Blair Kellison entered the health and wellness industry to promote the organic-food movement. He joined Traditional Medicinals, headquartered in Rohnert Park, 11 years ago as chief executive officer. “At Traditional Medicinals, I get to be part of a truly innovative social business model, which promotes social and environmental sustainability,” he says. Kellison grew up in Indianapolis, Ind., and currently lives in Petaluma with his wife, Laura, and their two daughters. He enjoys spending time with his family, whether it’s watching movies, playing games, hiking or biking.

What’s your favorite Traditional Medicinals tea flavor?

If you didn’t have to sleep, what would you do with the extra time?
Spend more time with my wife and daughters.

During family movie night, what snacks are a must?

What’s your favorite food to cook? 
Pizza on the grill is my best dish. But, you really don’t want to eat anything I cook, unless you’re my kids and you have to.

What remedy for curing the common cold works best for you?
TM’s Gypsy Cold Care and TM’s Breathe Easy together every four hours—it’s an herbal version of Sudafed.

What was the most recent compliment you received and savored? 
A thank you for career advice from someone who said I was able to identify and articulate his skills better than they could themselves. 

What books have made a big impact on you? 
I learned more from the seven Harry Potter books than most any business book.  Professor Dumbledore is a profound wizard with words to live by. There are 300,000 books on leadership listed on Amazon. Don’t bother to read any but these four: The Goal (a true classic that is 30 years old); Good to Great and Built to Last, both by Jim Collins; and The Invisible Leader, which is about having purpose to be the leader of your company. I remember everything about these four books, but can’t remember anything about the other 100 I’ve read. 

What’s one of your hobbies?
Any kind of exercise: hiking, running, biking, skiing, swimming. And I love to juggle with my daughter.

At what time of day do you feel your best?
Early in the morning.

What is your favorite style of music and how often do you listen to it?
I’m 57 and I still love 70s light rock—I run to it thinking somehow I’m still 18 years old! (I can hear my family cringing now.)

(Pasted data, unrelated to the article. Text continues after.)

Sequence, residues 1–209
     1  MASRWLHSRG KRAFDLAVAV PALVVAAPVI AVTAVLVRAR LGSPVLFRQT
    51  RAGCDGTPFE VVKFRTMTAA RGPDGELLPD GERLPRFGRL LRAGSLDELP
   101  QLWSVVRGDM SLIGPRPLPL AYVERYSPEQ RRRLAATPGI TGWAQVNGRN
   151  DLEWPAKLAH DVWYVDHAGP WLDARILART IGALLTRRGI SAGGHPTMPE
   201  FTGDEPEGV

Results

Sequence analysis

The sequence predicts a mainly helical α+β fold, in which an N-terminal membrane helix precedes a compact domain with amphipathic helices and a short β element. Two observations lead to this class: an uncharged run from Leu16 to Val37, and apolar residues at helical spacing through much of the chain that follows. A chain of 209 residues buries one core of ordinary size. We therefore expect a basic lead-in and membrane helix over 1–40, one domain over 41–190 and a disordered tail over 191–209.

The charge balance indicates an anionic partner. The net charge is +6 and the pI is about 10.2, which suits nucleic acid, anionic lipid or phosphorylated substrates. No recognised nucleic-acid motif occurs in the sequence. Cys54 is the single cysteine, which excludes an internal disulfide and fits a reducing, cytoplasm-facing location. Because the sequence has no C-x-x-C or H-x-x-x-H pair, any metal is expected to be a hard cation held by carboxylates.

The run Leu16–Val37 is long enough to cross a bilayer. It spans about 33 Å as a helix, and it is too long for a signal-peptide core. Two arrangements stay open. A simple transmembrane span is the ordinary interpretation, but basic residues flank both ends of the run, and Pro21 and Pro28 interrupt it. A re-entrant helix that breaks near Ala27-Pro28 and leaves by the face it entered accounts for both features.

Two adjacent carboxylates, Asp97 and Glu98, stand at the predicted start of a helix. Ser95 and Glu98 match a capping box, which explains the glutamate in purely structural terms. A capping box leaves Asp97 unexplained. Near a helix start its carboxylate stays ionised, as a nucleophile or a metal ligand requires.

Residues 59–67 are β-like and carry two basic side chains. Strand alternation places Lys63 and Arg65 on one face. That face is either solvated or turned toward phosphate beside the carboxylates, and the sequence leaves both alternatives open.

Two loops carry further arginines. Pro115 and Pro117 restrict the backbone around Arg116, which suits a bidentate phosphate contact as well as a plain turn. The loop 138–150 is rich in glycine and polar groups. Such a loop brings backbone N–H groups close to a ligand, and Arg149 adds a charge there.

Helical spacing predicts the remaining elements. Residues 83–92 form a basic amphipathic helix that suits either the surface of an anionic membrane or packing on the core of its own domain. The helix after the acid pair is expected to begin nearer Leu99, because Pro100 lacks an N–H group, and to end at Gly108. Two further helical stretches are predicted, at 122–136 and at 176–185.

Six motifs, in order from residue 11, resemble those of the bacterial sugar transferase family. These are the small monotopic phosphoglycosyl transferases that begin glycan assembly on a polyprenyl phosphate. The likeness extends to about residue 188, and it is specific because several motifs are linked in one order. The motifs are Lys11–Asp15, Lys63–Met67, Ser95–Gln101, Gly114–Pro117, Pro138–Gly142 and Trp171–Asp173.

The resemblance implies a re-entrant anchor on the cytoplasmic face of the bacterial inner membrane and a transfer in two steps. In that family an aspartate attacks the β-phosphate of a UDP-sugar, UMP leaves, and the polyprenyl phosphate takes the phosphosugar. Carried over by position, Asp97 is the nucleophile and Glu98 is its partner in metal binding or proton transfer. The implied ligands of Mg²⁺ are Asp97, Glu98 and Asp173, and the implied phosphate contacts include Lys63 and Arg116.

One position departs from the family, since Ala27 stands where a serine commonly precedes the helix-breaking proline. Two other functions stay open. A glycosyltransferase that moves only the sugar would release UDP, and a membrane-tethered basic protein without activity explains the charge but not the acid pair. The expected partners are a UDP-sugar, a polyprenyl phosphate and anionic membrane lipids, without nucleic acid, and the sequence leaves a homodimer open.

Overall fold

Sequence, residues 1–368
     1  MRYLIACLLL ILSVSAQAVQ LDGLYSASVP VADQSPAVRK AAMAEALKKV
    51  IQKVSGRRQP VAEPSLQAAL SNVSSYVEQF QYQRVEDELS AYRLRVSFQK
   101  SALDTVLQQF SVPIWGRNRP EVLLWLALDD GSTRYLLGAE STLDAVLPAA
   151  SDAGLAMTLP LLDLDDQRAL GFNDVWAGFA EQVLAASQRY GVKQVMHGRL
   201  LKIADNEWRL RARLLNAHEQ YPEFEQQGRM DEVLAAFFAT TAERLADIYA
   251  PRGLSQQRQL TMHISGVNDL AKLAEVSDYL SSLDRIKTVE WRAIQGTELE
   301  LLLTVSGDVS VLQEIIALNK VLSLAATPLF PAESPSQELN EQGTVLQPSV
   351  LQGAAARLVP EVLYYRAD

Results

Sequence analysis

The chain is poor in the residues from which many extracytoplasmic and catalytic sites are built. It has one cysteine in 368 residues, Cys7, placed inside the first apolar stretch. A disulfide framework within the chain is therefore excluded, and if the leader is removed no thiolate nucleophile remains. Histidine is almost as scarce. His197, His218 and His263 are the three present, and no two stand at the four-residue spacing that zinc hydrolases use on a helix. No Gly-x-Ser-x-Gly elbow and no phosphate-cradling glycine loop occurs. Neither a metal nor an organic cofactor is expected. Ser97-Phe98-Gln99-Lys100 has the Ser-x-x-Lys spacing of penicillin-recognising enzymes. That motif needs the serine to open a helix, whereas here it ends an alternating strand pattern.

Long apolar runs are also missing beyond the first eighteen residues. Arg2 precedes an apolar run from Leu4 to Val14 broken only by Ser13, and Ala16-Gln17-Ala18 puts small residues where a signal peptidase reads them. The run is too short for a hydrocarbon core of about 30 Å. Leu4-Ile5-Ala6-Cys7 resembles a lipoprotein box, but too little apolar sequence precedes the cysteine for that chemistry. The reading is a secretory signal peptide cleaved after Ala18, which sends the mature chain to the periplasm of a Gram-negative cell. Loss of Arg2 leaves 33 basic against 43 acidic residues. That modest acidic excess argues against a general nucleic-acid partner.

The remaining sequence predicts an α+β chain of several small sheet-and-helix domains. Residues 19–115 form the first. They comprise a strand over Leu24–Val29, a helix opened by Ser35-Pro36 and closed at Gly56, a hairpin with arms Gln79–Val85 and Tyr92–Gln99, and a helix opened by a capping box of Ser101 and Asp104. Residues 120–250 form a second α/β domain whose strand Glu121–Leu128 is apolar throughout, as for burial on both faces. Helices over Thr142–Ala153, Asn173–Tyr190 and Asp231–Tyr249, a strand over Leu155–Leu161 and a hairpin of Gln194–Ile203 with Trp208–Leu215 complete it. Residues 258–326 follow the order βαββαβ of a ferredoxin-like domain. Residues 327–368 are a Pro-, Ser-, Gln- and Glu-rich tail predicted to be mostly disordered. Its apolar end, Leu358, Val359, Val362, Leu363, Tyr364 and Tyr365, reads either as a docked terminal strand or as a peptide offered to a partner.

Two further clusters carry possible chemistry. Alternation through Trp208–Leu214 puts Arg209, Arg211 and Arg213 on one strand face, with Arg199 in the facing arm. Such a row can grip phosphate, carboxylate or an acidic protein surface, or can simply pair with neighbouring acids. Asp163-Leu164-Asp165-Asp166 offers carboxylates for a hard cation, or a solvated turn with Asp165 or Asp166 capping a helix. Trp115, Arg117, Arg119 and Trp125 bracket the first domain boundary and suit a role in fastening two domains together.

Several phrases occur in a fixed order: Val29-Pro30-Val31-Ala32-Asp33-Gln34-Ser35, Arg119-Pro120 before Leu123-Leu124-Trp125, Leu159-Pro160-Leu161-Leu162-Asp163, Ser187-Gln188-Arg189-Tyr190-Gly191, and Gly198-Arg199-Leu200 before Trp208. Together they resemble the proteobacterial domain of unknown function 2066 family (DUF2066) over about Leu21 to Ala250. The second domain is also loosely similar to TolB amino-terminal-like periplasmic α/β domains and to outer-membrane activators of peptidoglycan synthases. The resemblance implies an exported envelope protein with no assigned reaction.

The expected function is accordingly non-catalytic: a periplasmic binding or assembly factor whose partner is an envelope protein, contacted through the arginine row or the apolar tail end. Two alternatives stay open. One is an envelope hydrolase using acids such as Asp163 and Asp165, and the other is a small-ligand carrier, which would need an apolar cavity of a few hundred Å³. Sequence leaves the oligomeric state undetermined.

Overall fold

Of all the tools and gadgets you own, which one do you most enjoy using?
My iPhone, of course.

As a kid, what did you want to be when you grew up?
I was always curious about how everything worked. At every step of the way my primary goal was to learn. I never set out to be a CEO, that’ for sure. I interviewed for a marketing position in my late 30s and the recruiter said the company was also looking for a CEO, and I’d be better suited for that position. I said, “Really?” I’ve been a CEO for 20 years now and enjoy it and feel lucky and honored to be in that role.

How many foreign countries have you visited?
Sixteen. Italy is my favorite as my mom is 100 percent Italian, and I have so many relatives there. Cuba was the most interesting, and the Cook Islands are most special because my wife, Laura, and I honeymooned there.

What’s a favorite memory with your grandparents?
My grandfather was born in Italy in 1891 and lived there until he came to America at age 30. His stories of growing up in that time period and in that country intrigued and amazed me my whole life. He never went back. He died at 99. That same year, I turned 30. To honor him, I went to Italy on my own to meet his extended family and they gave me a hero’s welcome—I was the closest they had come to seeing him since he left—it was one of the greatest moments of my life. I have returned many times over the years and now know many of his relatives quite well. It would make him happy to know that. 

If you could look into the future to find out one thing, what would you want to know? Did we have the courage to address climate change with the magnitude of effort that is needed?

If you could own any sports team, which one would it be? 
A minor league team of any kind—those are the hardest working athletes in any sport—they literally chase their dream every day.

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